But, as political scientist Jasmin Mujanovic observed, the Bosnian trip risked upsetting the already delicate balance of power in a country that is still struggling to fashion a liberal democracy. “It gives fodder to the surging far-right in the EU which wants nothing more than to reject Bosnia’s already dubious aspirations for EU membership by claiming, falsely, that the country is a hotbed for Islamists and Muslim radicals,” wrote Mujanovic for the Balkan Insight website. “The optics of Erdogan’s visit to Sarajevo, in short, were terrible.”
Erdogan likely won’t be bothered. Much of his foreign policy has been built around boosting his image at home even if it affects ties with other countries, including the United States and other NATO allies. Erdogan’s alliance with ultranationalists and battles with Kurdish factions complicate America’s ability to help stabilize both Iraq and Syria. And Erdogan has found in the United States a useful political punching bag.
“Turkey is neither an adversary in the conventional sense nor completely an ally,” the Center for Strategic and International Studies noted in a new policy brief on how Washington should deal with Ankara. “Ties are unlikely ever to return to the intimacy of the Cold War, and even so, a formal break in the relationship is unlikely.” But things at home aren’t rosy, either.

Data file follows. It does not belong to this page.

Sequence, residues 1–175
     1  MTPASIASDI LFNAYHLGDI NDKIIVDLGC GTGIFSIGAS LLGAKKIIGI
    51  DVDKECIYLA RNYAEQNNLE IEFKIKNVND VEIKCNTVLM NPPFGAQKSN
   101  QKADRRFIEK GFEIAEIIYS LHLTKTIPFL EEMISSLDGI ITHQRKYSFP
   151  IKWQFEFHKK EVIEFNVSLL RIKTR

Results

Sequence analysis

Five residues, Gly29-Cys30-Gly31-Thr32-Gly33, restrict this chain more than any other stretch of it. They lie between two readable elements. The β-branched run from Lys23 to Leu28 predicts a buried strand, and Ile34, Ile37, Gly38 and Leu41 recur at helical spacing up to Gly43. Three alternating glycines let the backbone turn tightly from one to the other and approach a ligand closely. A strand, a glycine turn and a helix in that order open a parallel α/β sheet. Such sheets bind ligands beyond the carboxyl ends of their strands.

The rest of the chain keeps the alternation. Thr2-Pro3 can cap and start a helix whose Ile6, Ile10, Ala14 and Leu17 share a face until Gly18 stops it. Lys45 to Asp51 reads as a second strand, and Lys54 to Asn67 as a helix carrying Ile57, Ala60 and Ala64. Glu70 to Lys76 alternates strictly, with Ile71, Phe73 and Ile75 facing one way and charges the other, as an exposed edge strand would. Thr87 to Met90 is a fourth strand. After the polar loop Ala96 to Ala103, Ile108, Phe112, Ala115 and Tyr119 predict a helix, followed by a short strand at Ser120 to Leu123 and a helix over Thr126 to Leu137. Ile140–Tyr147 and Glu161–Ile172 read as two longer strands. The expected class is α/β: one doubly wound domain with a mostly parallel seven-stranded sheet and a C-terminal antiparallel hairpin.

More than a decade ago, in the early years of his rule, Erdogan presided over one of the world’s greatest economic success stories. Now, credit agencies are cutting the ratings of Turkey’s sovereign debt from junk to junkier, while its heavily indebted corporate sector appears increasingly vulnerable to future U.S. interest-rate hikes.
Erdogan’s move to call snap elections led to a brief rally in Turkish markets, but a recent set of remarks before investors in London — where he said he wanted to tighten his own grip over monetary policy — sent the lira into a deeper tailspin.